American Trucking Associations President and CEO Chris Speartold members of the House Transportation and Infrastructure Committee that the nation’s preeminent trucking advocacy group is committed to working with lawmakers as they begin work on a transportation reauthorization bill. Spear also spoke to the industry’s commitment to strengthen and grow the industry’s workforce, as well as to maintain fair and free trade.
“ATA pledges to help this subcommittee write legislation that takes into consideration the state and future of the trucking industry, looking beyond the hood – 5, 10, 15 years out – and how we can improve safety through innovation; how we can grow a diverse, well-trained workforce that shores up the very real and well-documented shortage of talent; how trucking can generate and invest real money into our decaying infrastructure; and, how trucking can help you shape free and fair trade agreements that make the United States the strongest economy in the world.”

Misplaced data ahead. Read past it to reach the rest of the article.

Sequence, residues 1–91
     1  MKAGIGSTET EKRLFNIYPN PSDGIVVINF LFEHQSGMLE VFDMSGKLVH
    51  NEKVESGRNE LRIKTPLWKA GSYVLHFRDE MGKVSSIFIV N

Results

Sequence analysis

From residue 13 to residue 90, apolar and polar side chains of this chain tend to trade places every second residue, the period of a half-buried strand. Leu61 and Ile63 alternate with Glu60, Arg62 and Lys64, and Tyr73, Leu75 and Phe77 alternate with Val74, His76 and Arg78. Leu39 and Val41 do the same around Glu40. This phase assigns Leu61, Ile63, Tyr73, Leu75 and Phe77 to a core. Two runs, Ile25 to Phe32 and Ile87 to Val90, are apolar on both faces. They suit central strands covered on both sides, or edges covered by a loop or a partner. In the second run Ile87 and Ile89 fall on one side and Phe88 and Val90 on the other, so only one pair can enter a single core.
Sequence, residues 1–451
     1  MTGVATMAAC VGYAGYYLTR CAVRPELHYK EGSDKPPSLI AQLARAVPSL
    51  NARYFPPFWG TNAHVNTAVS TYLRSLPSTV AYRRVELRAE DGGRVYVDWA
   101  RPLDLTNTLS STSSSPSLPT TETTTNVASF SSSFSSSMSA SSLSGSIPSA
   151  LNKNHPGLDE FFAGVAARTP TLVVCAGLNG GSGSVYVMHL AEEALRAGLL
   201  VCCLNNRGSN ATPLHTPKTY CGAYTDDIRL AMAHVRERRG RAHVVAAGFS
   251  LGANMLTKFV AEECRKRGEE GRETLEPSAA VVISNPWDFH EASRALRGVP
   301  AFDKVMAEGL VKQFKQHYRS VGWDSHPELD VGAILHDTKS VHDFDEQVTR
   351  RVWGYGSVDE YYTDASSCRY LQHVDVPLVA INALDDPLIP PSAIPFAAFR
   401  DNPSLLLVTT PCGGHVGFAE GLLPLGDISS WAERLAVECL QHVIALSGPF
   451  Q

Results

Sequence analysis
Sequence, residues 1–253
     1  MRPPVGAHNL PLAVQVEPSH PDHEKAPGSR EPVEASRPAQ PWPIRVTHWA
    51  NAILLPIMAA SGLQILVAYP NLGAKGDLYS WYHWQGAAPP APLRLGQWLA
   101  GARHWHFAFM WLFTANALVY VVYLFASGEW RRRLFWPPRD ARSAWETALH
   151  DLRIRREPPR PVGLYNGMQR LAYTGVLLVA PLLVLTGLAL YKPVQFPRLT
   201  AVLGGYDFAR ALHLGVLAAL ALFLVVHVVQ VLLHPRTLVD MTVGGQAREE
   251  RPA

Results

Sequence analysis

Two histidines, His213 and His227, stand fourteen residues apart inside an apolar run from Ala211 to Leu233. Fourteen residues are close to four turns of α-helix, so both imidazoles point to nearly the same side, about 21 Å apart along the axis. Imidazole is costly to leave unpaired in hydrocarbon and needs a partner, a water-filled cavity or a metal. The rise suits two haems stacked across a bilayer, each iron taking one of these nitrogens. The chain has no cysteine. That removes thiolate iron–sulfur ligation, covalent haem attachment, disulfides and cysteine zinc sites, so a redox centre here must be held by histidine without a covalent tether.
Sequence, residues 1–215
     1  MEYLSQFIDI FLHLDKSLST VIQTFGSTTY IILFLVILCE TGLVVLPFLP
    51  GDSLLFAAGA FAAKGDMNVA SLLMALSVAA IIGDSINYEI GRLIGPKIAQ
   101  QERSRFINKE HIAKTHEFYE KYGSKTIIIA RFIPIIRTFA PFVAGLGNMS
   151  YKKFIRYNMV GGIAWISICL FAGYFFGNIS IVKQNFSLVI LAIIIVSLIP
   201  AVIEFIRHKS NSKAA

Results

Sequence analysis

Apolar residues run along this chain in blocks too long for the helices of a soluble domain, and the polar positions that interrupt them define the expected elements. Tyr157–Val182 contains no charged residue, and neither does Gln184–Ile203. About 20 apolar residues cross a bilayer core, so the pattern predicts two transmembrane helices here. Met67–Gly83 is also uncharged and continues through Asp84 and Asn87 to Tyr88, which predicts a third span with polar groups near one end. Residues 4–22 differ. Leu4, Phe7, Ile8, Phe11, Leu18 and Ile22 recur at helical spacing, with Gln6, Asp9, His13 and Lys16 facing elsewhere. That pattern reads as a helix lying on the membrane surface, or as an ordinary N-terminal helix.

In his testimony, Spear said the industry is committed to safety on the nation’s highways, and to the deployment of proven technologies that will make the roads safer.
“Safety anchors the very foundation of the trucking industry, shaping our core values and decision making,” he said. “That is why the trucking industry invests approximately $10 billion annually in safety initiatives, including onboard technologies such as electronic logging devices, collision avoidance systems and video-event recorders.
“These investments also include driver safety training, driver safety incentive pay and compliance with safety regulations,” Spear said, “and while some of these investments are made to meet a myriad of regulatory requirements, many of them are voluntary, progressive safety initiatives adopted by our members and they’re paying dividends in highway safety.”
Spear’s full testimony, which can be read here, outlines ATA’s agenda for reauthorization, which includes data-driven improvements to the current hours-of-service rules, rejection of onerous mandates for dubious technologies, support for proven safety technology systems, enhanced employer notification systems, use of hair samples for mandated drug screenings, workforce development measures like the DRIVE-Safe Act and increased infrastructure investment.